Results 1 to 4 of 4

Thread: Estimating Large Commercial Buildings 1M+ (BCW)

  1. #1
    Join Date
    May 2018
    Location
    Maryland
    Posts
    6

    Estimating Large Commercial Buildings 1M+ (BCW)

    Good afternoon everyone,

    I typically bid larger commercial building, at least 1M+. Ive been doing this for roughly 3 years and find a majority of my time is wasted taking of the branch circuits. I currently use Accubid as my software. My main question is, i will have a bunch of differant conduit "styles"; each having different supporting means (all thread, strut mounted & surface mounted), wire grouping (3#12, 5#12 & 7#12, etc....) and some with junction boxes and some without.... Is this the way everyone does there estimating on a larger project? Any short cuts, or tips? I started this as a 4th year apprentice, and excel greatly; but my output isn't what I like. For instance last week; i bid a 1.2 million dollar reno. government project. From my first time looking at the drawings, to when my proposal was sent, it took around 5-6 working days. Was this slow or up to par?

    I appreciate any input.
    Thanks!

  2. #2
    Join Date
    Jul 2005
    Posts
    847
    5-6 days for a $1.2M is very fast for any estimator

    Branch circuitry takeoff is a pain. It's tedious, detailed, and the most dreaded part of a takeoff.
    Once you go through the specs and determine what is required (steel/SS/WT fittings, minimum branch wire size, conduit size, box types, MC or hard pipe allowed, etc), then you can start wheeling.
    I always lay out my home run trunk lines starting from the farthest area from the panels, and work my way back to the panels. Home runs are full boat (6 circuit if allowed), and once a home run is run to it's first J-box, then all of the drops to recepts or fix, whether MC or EMT, I will determine an average length based on the density of devices in that area (say 17'). I then use that average x the device counts. I add more 4sq/4-11 boxes if it's an EMT only job.
    And I don't sweat much over types of straps/hangers/screws that my guys might use. It's all about covering the dollars for those things.

    Remember, the branch wiring on most commercial projects only makes up around 10-12% of the overall job cost. So a 10% mistake is going to hurt anything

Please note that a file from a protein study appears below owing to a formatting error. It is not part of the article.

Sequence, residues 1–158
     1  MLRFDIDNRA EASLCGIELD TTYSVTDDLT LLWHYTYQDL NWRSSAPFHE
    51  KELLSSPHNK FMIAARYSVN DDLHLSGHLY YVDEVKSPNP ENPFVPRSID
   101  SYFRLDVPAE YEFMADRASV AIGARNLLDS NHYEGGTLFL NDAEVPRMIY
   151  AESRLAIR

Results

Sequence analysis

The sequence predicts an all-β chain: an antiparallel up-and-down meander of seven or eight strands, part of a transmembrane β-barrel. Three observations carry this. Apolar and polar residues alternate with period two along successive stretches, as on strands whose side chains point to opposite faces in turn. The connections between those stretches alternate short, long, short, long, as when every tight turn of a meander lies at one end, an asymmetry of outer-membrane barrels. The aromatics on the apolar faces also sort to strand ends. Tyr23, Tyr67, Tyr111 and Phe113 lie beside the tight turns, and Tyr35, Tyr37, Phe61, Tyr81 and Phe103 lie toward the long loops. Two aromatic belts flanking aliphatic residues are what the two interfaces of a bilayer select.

3. #3
    Join Date
    May 2018
    Location
    Maryland
    Posts
    6
    Quote Originally Posted by cdslotz View Post
    5-6 days for a $1.2M is very fast for any estimator

    Branch circuitry takeoff is a pain. It's tedious, detailed, and the most dreaded part of a takeoff.
    Once you go through the specs and determine what is required (steel/SS/WT fittings, minimum branch wire size, conduit size, box types, MC or hard pipe allowed, etc), then you can start wheeling.
    I always lay out my home run trunk lines starting from the farthest area from the panels, and work my way back to the panels. Home runs are full boat (6 circuit if allowed), and once a home run is run to it's first J-box, then all of the drops to recepts or fix, whether MC or EMT, I will determine an average length based on the density of devices in that area (say 17'). I then use that average x the device counts. I add more 4sq/4-11 boxes if it's an EMT only job.
    And I don't sweat much over types of straps/hangers/screws that my guys might use. It's all about covering the dollars for those things.

    Remember, the branch wiring on most commercial projects only makes up around 10-12% of the overall job cost. So a 10% mistake is going to hurt anything
    Thanks for the response! I never had really anyone to watch, so i was just curious about other peoples strategies.

  4. #4
    Join Date
    Mar 2007
    Location
    Valdosta, GA
    Posts
    4,151
    Not familiar with accubid .... I use Intellibid. Load up the drawings, set the scale, and use the measure feature to start adding up all the branch. I do a quick measurement for each home run, and add a bit of conduit in each device assembly to loop to the next. If I’m in a rush, I’ll do a bulk branch circuit home run takeoff by adding all the measurements to one lump sum.

    A week is fine really for a $1M project. It takes me that long usually, with some smaller jobs squeezed in between, and one of those days will be spent just reading specs and schedules to familiarize myself with the project.


    Sent from my iPhone using Tapatalk
    Brought to you by Carl's Jr.

Tags for this Thread

Posting Permissions

  • You may not post new threads
  • You may not post replies
  • You may not post attachments
  • You may not edit your posts
  •